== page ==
Saturday 11 March 2006

I use the NME...

“Inky Fingers: the NME story”

I have a love/hate relationship with the NME. When I was a student I used to buy it every single week. Every Wednesday without fail, I would go into the newsagents and would pick up the new issue and take it with me to the library. I would read it, and very week without fail it would make me want to scream. It was self-referential, self-important, unfunny and intensely irritating. It only seemed to have two modes: it was either praising a band to the skies, or it was tearing strips out of them. The speed of the backlash was often amazing – last week’s hero was the next week’s villain. I suppose it’s funny at first, but when it happens week after week after week, it becomes boring and predictable. Every week there seemed to be a new scene: the most famous of these is of course Britpop, followed closely by Madchester, but do you remember shoe-gazing? new wave of new wave? new acoustic? fraggle? No? That’s because they were mostly all made up.

The programme naturally dwelt on the paper’s golden period around 1976-7 when Julie Burchill, Tony Parsons and Nick Kent were writing about the explosion of punk. I was struck by how we all unthinkingly subscribe to an incredibly orthodox view of musical history: in the 1950s music was crap, then Elvis and the Beatles came along and changed everything, peace and love, Led Zeppelin and then the long descent into prog rock pomposity before punk swept it all away.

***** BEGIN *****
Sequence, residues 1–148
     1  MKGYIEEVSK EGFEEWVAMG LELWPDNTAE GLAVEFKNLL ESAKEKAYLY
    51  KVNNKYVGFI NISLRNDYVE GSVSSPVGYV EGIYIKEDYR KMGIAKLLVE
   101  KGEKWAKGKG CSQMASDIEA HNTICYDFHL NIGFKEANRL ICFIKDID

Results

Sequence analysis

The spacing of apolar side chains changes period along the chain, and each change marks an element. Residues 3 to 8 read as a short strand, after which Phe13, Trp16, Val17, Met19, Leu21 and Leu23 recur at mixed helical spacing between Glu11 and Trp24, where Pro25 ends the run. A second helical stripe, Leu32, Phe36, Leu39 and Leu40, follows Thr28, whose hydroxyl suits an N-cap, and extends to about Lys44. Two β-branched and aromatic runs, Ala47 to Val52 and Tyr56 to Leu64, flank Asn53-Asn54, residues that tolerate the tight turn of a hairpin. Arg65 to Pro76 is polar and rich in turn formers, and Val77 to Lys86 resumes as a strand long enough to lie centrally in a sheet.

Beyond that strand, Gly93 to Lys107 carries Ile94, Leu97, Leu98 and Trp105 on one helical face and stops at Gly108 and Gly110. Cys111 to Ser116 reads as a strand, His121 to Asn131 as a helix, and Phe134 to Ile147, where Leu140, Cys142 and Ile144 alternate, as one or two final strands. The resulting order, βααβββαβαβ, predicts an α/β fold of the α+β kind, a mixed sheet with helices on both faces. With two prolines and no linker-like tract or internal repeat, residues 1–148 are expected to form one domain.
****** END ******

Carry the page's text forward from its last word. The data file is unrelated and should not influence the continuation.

I was thinking about this, and it’s bollocks, isn’t it? Punk music wasn’t invented by Malcolm McClaren and the Sex Pistols - The Ramones were formed in 1974 for one thing, and people have been making loud, angry guitar music since they invented the electric guitar. By the same token, Prog rock wasn’t swept away by Punk either. Yes had a number one album in July1977 at a time when Britain was apparently punk mad. People have made an awful lot of pompous music since 1977 too - a lot of it by Oasis, who presumably like to think they have more in common with Johnny Rotten than with Rick Wakeman. I can’t hold the NME entirely responsible for this brainwashing, but it’s definitely true that it’s a version of history that suits them because it implies that they were far more important and influential on the shaping of popular opinion than they actually were (they're name-checked in lyrics to"Anarchy In the UK", of course they want to talk up the role of the Sex Pistols).

I’ve long since stopped buying the NME now, but I still pick it up from time-to-time and have a browse – either for old time’s sake, or because they’ve put Morrissey on the front cover. It hasn’t changed much, or it doesn’t appear to have done, and I just can’t be doing with it.

I must be getting old.

Maybe I should take out a subscription to Mojo?

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